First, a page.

Increasing your Commitments

Say what your going to do

Making a commitment to fulfill a certain task

Realize that others bank on what you said would be done, even if you don't truly believe it when you said it. Our word and honor is at play here, and we certainly don't want to diminish the value of "giving our word" about something as important as completing a particular task, we said we would do. This is where beginning with the end in mind comes into play. Knowing what your capabilities are, or could be, and the time available to give this task a positive chance to be completed. It is where learning to say "No" to some tasks, will give you the ability and structure to say "Yes" to a task that maybe a better fit for you.

Do what you said

Carry out this task without excuses

Use all resources available to you. If needed then learn a new skill. Everything you have done up to this point in life comes natural, is a reaction, or a learned skill. Continue with that learning. If doubt creeps in, knock it back out. see: Chaos

Report what you did

Honoring your commitment to your yourself and others

Just think, 100% of the time you tell someone that you will do something, they have already formed a judgement of your commitment you said you would do.

Is this bad. Not necessarily. You probably do this too without even realizing it. Once you know it's happening, you can use it to your benefit. You can change "course of tide" in your favor. You can right some wrongs. You can prove that you will remember to do that task, even if it takes learning a new skill to complete it.

Learn and share best practices, because, if what you actually did, aligns with what your stated commitment is, then this sets the future stage, and the "tide" will flow in your favor.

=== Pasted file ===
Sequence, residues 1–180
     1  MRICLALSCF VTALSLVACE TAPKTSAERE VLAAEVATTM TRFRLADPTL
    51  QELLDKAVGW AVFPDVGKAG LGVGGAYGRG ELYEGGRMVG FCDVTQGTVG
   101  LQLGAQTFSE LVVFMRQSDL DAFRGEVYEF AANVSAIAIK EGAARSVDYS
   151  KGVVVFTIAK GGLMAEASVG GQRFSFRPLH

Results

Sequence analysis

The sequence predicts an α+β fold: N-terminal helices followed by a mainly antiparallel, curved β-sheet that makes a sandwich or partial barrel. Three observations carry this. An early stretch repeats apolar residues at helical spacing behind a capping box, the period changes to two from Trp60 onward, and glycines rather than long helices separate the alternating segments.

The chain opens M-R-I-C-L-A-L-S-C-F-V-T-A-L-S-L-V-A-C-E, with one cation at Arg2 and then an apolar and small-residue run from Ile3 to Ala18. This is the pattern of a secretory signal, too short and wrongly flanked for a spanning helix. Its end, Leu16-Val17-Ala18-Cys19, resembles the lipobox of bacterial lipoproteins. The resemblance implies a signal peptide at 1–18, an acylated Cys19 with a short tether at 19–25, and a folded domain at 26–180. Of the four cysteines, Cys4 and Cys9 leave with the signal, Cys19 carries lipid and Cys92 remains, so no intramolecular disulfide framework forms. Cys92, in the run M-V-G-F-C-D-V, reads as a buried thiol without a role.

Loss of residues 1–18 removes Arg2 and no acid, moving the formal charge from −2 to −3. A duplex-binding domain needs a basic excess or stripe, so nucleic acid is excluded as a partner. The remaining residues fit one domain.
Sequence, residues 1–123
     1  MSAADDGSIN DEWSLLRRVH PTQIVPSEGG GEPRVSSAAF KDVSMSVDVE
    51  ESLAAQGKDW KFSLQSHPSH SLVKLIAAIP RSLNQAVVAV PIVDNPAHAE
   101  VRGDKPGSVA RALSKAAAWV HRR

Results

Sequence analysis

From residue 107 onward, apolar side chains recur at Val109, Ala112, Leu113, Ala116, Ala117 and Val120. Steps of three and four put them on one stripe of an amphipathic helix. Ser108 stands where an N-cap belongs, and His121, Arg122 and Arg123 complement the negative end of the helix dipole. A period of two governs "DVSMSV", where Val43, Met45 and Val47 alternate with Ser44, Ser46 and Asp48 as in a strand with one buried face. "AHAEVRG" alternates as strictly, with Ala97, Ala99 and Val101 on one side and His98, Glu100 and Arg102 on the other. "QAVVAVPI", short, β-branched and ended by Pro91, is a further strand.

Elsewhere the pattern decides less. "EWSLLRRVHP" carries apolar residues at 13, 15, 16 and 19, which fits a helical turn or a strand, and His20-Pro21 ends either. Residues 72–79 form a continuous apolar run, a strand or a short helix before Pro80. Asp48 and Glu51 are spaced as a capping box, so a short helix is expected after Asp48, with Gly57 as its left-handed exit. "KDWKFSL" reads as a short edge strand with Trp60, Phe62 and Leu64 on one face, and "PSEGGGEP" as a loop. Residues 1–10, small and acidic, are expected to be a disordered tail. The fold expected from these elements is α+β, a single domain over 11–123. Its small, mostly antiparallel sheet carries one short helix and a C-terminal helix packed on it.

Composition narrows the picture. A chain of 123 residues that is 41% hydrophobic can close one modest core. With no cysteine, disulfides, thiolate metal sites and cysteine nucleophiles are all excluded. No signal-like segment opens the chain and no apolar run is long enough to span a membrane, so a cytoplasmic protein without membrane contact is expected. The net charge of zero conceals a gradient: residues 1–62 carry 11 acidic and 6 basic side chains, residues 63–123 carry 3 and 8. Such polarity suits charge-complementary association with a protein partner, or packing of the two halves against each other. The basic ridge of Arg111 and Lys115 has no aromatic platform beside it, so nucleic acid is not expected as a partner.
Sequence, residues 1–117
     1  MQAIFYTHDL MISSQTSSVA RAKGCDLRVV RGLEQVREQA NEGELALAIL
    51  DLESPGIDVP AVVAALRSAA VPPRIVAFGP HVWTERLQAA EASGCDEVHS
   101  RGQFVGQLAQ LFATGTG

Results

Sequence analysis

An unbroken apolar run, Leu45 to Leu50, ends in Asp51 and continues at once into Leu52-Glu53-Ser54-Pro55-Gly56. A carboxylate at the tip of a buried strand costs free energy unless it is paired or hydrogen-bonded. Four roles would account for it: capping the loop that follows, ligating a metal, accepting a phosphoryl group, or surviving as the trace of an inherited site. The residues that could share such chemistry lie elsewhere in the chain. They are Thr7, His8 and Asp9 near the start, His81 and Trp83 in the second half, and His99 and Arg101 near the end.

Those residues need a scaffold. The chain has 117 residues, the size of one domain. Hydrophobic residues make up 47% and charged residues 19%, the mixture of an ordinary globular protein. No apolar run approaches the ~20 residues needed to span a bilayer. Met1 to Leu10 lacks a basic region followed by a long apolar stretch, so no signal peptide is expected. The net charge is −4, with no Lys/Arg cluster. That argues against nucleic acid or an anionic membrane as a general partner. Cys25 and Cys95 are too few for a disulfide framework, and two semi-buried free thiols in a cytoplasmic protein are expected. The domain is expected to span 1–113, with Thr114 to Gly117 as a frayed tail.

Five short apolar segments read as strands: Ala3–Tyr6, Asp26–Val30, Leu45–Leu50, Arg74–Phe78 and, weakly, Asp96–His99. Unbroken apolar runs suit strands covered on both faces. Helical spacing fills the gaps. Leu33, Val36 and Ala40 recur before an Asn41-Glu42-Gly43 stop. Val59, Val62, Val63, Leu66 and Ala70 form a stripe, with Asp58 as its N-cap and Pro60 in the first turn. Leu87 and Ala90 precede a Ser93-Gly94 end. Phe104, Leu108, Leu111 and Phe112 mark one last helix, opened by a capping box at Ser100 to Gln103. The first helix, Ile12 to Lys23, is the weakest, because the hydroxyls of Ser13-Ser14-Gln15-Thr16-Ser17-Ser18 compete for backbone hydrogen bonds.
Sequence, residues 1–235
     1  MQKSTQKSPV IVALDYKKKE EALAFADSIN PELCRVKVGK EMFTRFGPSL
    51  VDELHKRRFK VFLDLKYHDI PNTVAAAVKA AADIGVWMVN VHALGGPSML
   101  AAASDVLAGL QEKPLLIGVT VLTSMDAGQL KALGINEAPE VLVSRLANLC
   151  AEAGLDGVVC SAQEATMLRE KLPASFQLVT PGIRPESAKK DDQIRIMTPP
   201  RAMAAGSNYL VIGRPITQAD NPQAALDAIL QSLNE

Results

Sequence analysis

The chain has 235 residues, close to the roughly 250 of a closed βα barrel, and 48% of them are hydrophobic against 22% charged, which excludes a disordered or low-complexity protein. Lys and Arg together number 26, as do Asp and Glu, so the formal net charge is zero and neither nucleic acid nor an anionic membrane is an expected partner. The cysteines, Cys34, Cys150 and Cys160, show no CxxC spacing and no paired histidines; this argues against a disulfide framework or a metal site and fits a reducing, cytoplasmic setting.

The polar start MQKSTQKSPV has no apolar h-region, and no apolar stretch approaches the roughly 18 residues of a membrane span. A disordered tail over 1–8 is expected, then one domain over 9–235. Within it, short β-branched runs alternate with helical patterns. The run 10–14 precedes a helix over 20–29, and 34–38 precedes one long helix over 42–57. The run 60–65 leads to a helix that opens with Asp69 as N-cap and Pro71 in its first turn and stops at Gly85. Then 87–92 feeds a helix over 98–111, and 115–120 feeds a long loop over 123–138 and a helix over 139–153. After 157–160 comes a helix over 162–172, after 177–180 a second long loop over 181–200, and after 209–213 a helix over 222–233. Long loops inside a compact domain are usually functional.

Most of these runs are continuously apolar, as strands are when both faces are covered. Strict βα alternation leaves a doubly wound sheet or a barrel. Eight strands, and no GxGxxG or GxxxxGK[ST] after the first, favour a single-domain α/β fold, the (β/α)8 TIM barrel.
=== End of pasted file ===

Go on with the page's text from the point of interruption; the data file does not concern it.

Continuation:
Fulfill hidden commitments

While were on the subject of commitments, lets talk about the unspoken ones; the understood expectations; the spirit of the agreement.

At a place of employment, when someone gets hired, there are rules and regulations that the new employee signs off on.

Many are never openly discussed, but there are silent expectations that the employer naturally thinks you would be committed to.

Like coming to work with a good attitude, showing up on time, listening, learning, engaging and sharing your feedback. If some of these were openly discussed in an interview or hiring process, you would think it's weird. But they are expected commitments that the employer or team you would be working with, hope you live up to.

What happens when we don't honor these unspoken commitments?

Resentment can creep in, attitudes change, and now we have a disconnect between the two parties.

Before things spiral down, "turn the tide" again, back in your favor.

Make your best effort to observe, question, and discuss any possibilities of silent expectations. Find out if there are past employees that didn't fulfill an obligation or commitment that should have been a no-brainer.

Let this new employer, or just team transfer, know that you are open to discussions on new processes and systems that will bring you up to speed with their workflows.

There is a saying that goes: If you want a job done, give it to a busy person to do it.

The same is basically true with honoring commitments. The person that will most likely honor their commitments, will be the person that has a great track record of honoring them.